District Referendum plans for renovations


Saba Ali

The future pool plan will be located at the end of the science hall and run along the outside of the school.

On the Nov. 6 election, residents under District 86 will have the option to vote for the district referendum for renovations which would fund projects over the span of three years at both Central and South.

The referendum specifically targets an increase in taxes for residents if the schools are renovated. The total costs of these renovations would be approximately $166 million dollars.

According to the proposal, both schools have outdated classrooms, facilities that are not accessible, and facilities in need of repair, such as the pool, which does not meet state standards for competitions. 

Molly Bruns
The current pool cannot host bigger meets as the pool deck is too small.

The referendum, if approved, will fund the upgrades to certain facilities and the constructions of new ones. The upgrades will most likely be made to the cafeteria, library, and media production centers. The funding will also go towards new student service centers, a new pool, and a new entrance in the area of the current pool doors.

“Divers have to travel for all diving meets because the pool is too shallow to dive in and, therefore, the divers can’t participate in any of the home swim meets,” said Molly Bruns, junior member of the swim team.

Bruns is a part of the Hinsdale Swim Club, which practices at the Central pool, and a member of the school’s swim team. She said that if the referendum is approved and a new pool is built, the swim team can host larger meets more often without air quality and space issues.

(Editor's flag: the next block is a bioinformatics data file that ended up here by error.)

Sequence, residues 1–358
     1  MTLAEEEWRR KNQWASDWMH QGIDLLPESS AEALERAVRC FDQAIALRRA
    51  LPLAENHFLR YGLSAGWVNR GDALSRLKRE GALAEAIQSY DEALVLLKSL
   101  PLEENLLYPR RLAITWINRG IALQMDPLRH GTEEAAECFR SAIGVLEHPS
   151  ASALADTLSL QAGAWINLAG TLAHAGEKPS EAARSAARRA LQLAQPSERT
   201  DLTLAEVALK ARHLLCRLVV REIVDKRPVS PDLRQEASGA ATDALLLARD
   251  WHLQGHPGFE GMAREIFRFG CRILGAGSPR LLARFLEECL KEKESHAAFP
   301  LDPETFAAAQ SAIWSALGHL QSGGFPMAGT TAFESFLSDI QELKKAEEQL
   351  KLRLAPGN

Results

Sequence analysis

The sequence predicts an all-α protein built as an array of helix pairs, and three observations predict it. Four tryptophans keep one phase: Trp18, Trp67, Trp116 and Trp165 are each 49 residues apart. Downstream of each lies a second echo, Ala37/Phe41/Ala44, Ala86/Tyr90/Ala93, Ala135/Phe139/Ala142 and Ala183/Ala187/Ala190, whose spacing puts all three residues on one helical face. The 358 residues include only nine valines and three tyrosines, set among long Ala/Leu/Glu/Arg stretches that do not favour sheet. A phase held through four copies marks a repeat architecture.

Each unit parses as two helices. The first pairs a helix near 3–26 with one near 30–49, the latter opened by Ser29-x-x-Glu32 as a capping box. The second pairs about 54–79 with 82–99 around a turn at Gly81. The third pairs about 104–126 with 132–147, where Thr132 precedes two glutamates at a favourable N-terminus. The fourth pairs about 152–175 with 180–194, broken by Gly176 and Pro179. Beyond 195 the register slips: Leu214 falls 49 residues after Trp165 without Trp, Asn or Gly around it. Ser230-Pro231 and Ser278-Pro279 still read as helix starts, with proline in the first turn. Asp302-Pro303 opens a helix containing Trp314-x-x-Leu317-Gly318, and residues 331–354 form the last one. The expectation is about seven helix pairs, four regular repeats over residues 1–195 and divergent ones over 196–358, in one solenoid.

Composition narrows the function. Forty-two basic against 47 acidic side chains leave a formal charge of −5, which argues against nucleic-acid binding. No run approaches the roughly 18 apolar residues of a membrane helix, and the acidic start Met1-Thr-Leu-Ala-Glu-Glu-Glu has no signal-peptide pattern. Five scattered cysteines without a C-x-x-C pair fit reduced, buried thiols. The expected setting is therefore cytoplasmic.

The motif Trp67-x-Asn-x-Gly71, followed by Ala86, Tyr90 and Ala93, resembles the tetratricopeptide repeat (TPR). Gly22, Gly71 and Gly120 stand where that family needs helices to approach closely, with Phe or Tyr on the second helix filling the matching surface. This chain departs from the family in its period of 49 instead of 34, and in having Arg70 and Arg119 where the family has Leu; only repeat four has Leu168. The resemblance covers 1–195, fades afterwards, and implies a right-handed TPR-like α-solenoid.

“The referendum is a great idea, and at some point, the district will make these renovations, but I’m not sure to what extent the community is going to want to approve this plan, especially with the new Hinsdale Middle School building being reconstructed,” said Sara Draddy, senior and student board liaison.

However, with the elimination of the buffer zone and the construction at Hinsdale Middle School, the results of the referendum might be skewed. The eliminated buffer zone has caused a lot of mixed responses and as District 181 residents’ taxes have been increased from the new HMS building, it appears the residents are less likely to vote yes to the referendum.

Saba Ali
The renovation plans are on display across the guidance office and above the lockers.

“[With the projects], there would be a massive update in safety and security issues on campus,” said Principal William Walsh.

This update would be a result of the possible reconstruction of new entrances, especially at the current pool doors.

The renovations wouldn’t take place immediately after the election but rather during the summer of 2019 as more planning would have to be conducted. However, this is all dependent on the results of the Nov. 6 election.

If you want to learn more about the possible renovations, the referendum will be discussed at the board meeting at 6 p.m. on Monday, Sept. 17 in Central’s Cafeteria.